“With the extreme increase in levels of uncertainty that we have seen this year, there’s suddenly been major demands on finding the information you need to really understand what’s happening. “Clearly, organizations and their finance functions will need to prioritize strategically and reimagine what the new normal will look like for their business, people and sector. It is important to explore opportunities to operate differently in the future, leveraging data and technology to build agility and flexibility to ensure future-fitness and the ability to create long-term value in a post-pandemic world,” said Lee Pei Yin, Ernst & Young PLT partner, financial accounting and advisory services.
“This is in terms of how our business is affected in terms of the numbers and how we can undertake multiple scenario analysis. Of course, it has to be done immediately and demand is also coming from multiple sources: investors, management leaders across the business, and also regulators,” said SKF, a Swedish-based manufacturer, chief financial officer (CFO) Niclas Rosenlew in the report. “Now, demand for non-financial information, including ESG and sustainability reporting, is growing, as investors seek insight into the impact of social and environmental issues on business models.
The research also pointed out that over the recent years, CFOs have had to contend with a wave of regulatory-driven changes to financial reporting requirements, investing significant time and effort into meeting new accounting standards. “This increasing focus by investors on high-quality non-financial information is reinforced by the research, where 65% of respondents said there ‘is significant value for our organization that is not measured or communicated using traditional financial KPIs, such as brand value and human capital’,” it said.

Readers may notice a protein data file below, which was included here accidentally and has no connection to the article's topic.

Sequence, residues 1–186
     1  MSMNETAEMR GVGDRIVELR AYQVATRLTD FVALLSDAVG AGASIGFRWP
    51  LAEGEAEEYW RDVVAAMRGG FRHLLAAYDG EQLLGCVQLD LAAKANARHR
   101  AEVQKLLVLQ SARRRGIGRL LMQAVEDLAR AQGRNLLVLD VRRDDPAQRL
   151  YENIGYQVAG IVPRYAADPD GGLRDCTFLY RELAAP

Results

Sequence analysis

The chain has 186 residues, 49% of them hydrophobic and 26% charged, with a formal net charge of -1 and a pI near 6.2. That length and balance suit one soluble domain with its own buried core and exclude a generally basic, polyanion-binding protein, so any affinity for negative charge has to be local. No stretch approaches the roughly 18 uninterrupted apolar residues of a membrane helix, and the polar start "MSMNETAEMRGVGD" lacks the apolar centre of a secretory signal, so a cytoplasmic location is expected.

“Senior leadership, such as CEOs, are likely to expect increased visibility and the development of advanced dashboards that provide dynamic analyses of financial performance, operating performance and changing market conditions,” it said. EY added that while demand may have accelerated as a result of the Covid-19 pandemic, it is unlikely to decline once the crisis is over.
“Finance should look to play a central role in instilling discipline into non-financial reporting processes and controls to build confidence and trust. Establishing effective governance practices — and seeking independent assurance over non-financial processes, controls and data outputs — will likely help to build trust and transparency with stakeholders. Moving forward, EY said the success of non-financial reporting is likely to depend on how relevant it is to stakeholders, how trusted and credible it is.
It found that 53% of respondents think it is likely that more than half of the finance and reporting tasks currently performed by people will be executed by artificial intelligence (AI) over the next three years. Similarly, 54% think it is likely that blockchain-based systems will underpin finance. The survey of more than 1,000 CFOs and financial controllers across 26 countries shows that finance leaders anticipate their function to look very different in the future, with a major shift to a smarter operating model. “CFOs and financial controllers — whose teams have extensive experience in establishing processes, controls, and assurance of financial information — can bring their financial leading practices and experience to bear on sustainability and ESG reporting,” it said.
News Highlights Business
- 66% of respondents to the EY study say the demand for ‘forward-looking financial analysis and forecasting’ has increased over the past year
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